Ms Thornberry was seen as condescending to the patriotic working class merely by tweeting a photograph of the house and identifying its location -- creating a (perhaps correct) perception that she thought such enthusiastic patriotism a sign of chauvinism and limited intelligence. Both women had fired unwise shots in the class war: both paid a political price. It is that resentment, aimed at "progressive" snobbery, which powers much of the revolt against the left. Similar resentments, in which education, access to jobs, accent, dress and even diet are all now involved, bubble through the politics of democratic countries, and assume greater importance than the purely economic issues which afflict those on low incomes.

The left, however self-described -- liberals, social democrats, socialists -- came into being in the 19th century with a claim to bring economic emancipation to working people. It is now dismissed by millions of working people as being the exclusive locality of the privileged, whose very efforts to "understand and empathise" excite contempt and whose attachment to "the left" is seen to be used as a marker of their claim of moral superiority, not of true belief.

The perception that the left can function as a sign of high-minded exclusivity rather than a commitment to a cause is often correct. But the tragedy of the rejection of an out-of-touch leftism is that the rejecters embrace something worse. The pre-election friends of lower-income voters quickly become post-election foes.

Case in point: Mr Trump's tax bill, signed into law before he departed for a Christmas break at his Mar-a-Lago estate will overwhelmingly benefit America's highest earners while providing far less significant help to the remaining 95%.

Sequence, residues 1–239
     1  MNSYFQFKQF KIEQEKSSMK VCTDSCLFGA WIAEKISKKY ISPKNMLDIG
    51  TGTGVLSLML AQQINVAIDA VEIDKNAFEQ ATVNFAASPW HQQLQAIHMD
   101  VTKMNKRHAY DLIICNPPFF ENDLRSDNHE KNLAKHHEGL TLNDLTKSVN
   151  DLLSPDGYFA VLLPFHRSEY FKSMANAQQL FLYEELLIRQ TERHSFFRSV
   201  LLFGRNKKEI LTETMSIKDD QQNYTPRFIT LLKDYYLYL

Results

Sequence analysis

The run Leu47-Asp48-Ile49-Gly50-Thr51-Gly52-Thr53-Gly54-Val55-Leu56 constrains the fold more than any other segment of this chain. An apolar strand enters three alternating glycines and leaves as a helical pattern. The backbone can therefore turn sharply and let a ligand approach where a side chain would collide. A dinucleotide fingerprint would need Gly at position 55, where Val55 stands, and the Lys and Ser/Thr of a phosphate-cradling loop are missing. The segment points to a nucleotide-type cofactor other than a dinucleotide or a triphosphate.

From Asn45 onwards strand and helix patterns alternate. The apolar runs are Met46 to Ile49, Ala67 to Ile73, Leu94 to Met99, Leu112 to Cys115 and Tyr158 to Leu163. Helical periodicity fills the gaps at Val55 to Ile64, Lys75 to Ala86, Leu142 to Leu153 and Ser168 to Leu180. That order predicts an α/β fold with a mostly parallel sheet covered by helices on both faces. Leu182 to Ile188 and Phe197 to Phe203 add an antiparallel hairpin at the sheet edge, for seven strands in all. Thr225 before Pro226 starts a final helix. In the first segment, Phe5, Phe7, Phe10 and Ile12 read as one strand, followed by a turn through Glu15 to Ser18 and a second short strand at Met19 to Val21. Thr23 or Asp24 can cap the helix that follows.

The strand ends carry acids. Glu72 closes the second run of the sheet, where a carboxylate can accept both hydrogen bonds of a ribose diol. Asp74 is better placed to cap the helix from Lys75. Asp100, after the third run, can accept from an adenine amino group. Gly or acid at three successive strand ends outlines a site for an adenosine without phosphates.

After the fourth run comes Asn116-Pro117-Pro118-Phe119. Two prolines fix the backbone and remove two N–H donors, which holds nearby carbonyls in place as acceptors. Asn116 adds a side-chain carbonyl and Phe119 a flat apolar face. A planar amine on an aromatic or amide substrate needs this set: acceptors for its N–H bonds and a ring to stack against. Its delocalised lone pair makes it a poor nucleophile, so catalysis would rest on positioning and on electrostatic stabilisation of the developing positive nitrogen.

In the UK, those who voted to leave the European Union were right in their perception that sovereignty must be clearly located in national governments, a view not -- as some Remainers charge -- rooted in racism, but in a wish to enforce democratic rule. Yet it becomes clearer -- as the negotiations drag on -- that the economic price for Brexit will be high and the losers will be many of those who voted for it.

In Italy this week, populist parties that included the 5-Star Movement and the Lega (Northern League,) took more than 50% of the vote. Their supporters, especially the young among them, dislike the left's ardent support for the European Union, seeing it as an elite set of institutions that did nothing to help Italy cope with waves of migrants.

The liberals and the left that have governed have been decisively rejected in the United States, in the UK, in France, in Germany and now in Italy. The further left, which has not governed -- Jeremy Corbyn's Labour Party and socialists like 2016 presidential candidate Bernie Sanders, who continues to attack the vast earnings at the top of corporate America -- proves popular. People grasp after what they have not had, disillusioned with what they have. Yet neither the populists nor the far-left have shown evidence they understand, or can govern in, a world as relentlessly globalising as ours. Until a robust liberalism, shorn of pretension, can reconnect with knowledge of working peoples' lives, the populists will remain … popular. - Reuters

John Lloyd co-founded the Reuters Institute for the Study of Journalism at the University of Oxford.

John Lloyd

Senior research fellow at University of Oxford

John Lloyd co-founded the Reuters Institute for the Study of Journalism at the University of Oxford, where he is senior research fellow.